The Prisoner From Another Planet

This is actually the continuation of a story begun yesterday entitled “Get Me Out Of Here Already,” but you don’t really need to go back and read it to pick up the thread.  I know how busy you are.  Relax and take a load off.

I rifled through the contents of my backpack and even opened up the suitcase, frantically searching for my passport and the e-ticket I’d folded inside it.

“Where is it?” I asked myself again.

“It wouldn’t be in there!” Jina said helpfully.

“I must have left it at home.”

“Great!” That’s a sarcastic expression she picked up from me.  I taught her so well, she uses it even more than I do.

After a moment of choreographed fretting, she volunteered to go back and get it, even though I was the one who’d left it behind and had a better idea of where to find it.

“What should I do?” I asked.

“Stay here!”

I sat on the stool on the subway platform, preyed on by all sorts of fears and anxieties.  Foremost was of course the fear I’d miss my flight.

The first time Jina called, she told me to go on to the airport ahead of her, saying she’d meet me there.  Figuring there was no reason to rush and I was probably going to miss my flight anyway, I took the all-stop train again instead of waiting for the express.

I just wanted to get out of there.

I had a eureka moment reminding me where the ticket might be and called Jina to tell her. Sure enough, she found the passport on top of the Bible, supported by the rectangular shoulders of Jesus Himself.  Luckily, the urgency of the situation seemed to have dispelled her anger.

On the train I grew lugubrious and nearly dissolved into tears in front of the beautiful young woman sitting across from me, who appeared to share an idyllic bond with her adjacent boyfriend.

The prospect of missing my flight and along with it my vacation cast me into a funk that led me to contemplate investing in some muscle relaxants and taking enough of them to stop my heart from beating forever.  The despair of having no reprieve from the relentless wrestling match of the marriage was too painful to imagine.

Jina called to say she’d be able to make it to the airline desk by 11:30.  The flight left at 12:35.  It felt like a long shot, but what did I have to lose?  All I could do was stare out the window at the mountains, rice paddies, and boggy shoreline on the way to Incheon.

When I finally arrived at the airport, I made my way to the airline desk, flagging down a uniformed employee who said she’d actually spoken with Jina on the phone.  (Jina had asked me to beg them to let me on the flight.)  She–the airline concierge, if that’s the right term, told me I could still make the flight but I wouldn’t be able to check my suitcase without a pasport.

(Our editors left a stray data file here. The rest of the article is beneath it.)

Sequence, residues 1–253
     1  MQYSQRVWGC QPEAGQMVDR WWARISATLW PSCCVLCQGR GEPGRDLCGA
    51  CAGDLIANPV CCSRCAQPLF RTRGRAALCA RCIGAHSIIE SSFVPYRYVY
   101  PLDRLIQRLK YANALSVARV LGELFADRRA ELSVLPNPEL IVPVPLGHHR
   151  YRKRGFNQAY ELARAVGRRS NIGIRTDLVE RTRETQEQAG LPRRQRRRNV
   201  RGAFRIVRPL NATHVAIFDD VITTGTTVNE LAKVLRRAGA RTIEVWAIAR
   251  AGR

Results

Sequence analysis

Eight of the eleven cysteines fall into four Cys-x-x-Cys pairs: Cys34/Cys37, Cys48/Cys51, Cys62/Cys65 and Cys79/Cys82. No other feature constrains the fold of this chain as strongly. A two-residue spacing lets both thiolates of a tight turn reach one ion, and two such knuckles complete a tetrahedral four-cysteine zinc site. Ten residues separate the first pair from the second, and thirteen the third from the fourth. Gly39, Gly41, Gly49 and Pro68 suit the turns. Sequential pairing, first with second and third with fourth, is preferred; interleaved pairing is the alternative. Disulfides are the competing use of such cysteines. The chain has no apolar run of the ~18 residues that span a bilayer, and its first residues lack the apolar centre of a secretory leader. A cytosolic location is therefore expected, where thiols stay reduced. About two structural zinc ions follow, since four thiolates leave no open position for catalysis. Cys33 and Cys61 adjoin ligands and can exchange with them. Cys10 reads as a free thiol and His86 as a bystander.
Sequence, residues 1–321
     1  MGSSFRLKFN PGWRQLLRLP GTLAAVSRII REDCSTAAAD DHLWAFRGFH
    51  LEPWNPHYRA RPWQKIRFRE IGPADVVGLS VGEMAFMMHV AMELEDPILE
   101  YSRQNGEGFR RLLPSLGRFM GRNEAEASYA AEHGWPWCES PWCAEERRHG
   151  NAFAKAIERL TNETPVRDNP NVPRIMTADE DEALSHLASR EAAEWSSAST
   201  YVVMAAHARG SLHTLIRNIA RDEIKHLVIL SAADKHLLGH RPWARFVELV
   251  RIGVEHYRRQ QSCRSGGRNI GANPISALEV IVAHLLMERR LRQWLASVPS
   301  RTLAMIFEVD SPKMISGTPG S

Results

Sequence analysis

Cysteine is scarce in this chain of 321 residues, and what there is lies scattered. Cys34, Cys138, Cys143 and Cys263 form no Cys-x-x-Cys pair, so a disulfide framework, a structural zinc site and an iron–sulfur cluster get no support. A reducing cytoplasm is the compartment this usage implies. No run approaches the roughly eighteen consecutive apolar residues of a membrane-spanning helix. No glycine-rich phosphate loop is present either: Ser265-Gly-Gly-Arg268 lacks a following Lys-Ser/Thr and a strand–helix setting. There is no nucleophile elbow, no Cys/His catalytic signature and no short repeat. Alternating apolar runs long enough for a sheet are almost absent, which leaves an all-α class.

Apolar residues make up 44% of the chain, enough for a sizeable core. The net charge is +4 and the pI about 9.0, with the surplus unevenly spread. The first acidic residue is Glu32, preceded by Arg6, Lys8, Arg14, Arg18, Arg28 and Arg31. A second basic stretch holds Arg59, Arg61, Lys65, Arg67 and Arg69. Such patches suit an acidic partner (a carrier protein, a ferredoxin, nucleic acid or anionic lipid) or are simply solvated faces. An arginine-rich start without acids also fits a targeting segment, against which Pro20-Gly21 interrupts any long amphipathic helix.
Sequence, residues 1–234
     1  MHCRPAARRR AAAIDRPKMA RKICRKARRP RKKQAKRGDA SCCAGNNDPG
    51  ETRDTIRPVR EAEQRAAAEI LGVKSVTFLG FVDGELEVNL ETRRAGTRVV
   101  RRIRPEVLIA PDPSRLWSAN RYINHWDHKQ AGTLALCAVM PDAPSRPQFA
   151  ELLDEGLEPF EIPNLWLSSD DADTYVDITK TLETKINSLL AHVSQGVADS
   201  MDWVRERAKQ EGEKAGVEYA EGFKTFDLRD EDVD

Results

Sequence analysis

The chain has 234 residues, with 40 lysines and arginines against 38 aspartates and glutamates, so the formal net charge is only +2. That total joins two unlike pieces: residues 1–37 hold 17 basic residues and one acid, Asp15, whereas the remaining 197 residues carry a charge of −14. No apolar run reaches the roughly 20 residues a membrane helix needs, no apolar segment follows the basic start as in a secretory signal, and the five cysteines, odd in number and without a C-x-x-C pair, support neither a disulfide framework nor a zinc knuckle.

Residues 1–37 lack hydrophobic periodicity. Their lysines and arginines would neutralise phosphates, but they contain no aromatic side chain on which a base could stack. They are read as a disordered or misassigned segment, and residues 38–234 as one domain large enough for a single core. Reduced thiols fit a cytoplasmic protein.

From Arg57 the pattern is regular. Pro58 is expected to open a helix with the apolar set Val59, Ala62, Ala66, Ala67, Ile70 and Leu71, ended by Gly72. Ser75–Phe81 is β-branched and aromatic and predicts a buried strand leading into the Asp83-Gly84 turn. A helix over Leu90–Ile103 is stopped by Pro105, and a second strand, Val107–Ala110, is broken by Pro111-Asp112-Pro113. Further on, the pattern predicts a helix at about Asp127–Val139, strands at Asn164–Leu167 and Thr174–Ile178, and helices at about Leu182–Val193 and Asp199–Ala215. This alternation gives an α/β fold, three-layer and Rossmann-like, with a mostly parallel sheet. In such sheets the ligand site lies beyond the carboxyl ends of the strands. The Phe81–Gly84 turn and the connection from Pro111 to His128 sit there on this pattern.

I asked if there was a place nearby where I could by a cloth bag to put some clothes in.  She directed me to a convenience store.  I said I’d be back in a few minutes.

The only place I could find that sold any bags was an outlet for a department store that had backpacks, but the going rate was about a hundred seventy bucks.  Forget it.

Luckily, since they knew Jina was on her way, the airport staff cut me some slack and let me check my suitcase anyway.  I thanked them vehemently.

At last Jina appeared with the passport and the ticket.  We went with the concierge towards the security checkpoint.

After all that, I told Jina I loved her and gave her a goodbye hug.  She wished me a good trip.

The concierge led me through the security clearance zone, then escorted me all the way down to the platform to catch the shuttle to the international terminal.  She probably thought I was mentally disabled, a reasonable observation, and I thanked her profusely for her zeal and professionalism.

When I boarded the flight, I can’t tell you how happy I was to be finally getting out of Korea for awhile.  I had one of the best vacations I’ve ever had in my life, joyously reunited with family and friends over lovingly prepared meals, lots of laughs, and a clear blue sky just about the whole time.

Upon landing back in Inchon a few days ago, when I looked out the window of the airplane a little after 6 pm, the sky was overcast and the tarmac was wet from recent rain.  It looked like I’d alighted on the set of a postmodern production of King Lear.

Sure enough, it only took about a day for my wife and me to start arguing about petty bullshit again.  That appears to be the basis of our marriage, even though we do get along pretty well sometimes, especially when one of us is asleep.

May you have happy relationships with the other inhabitants of your life.  When you do, they make it worth living.


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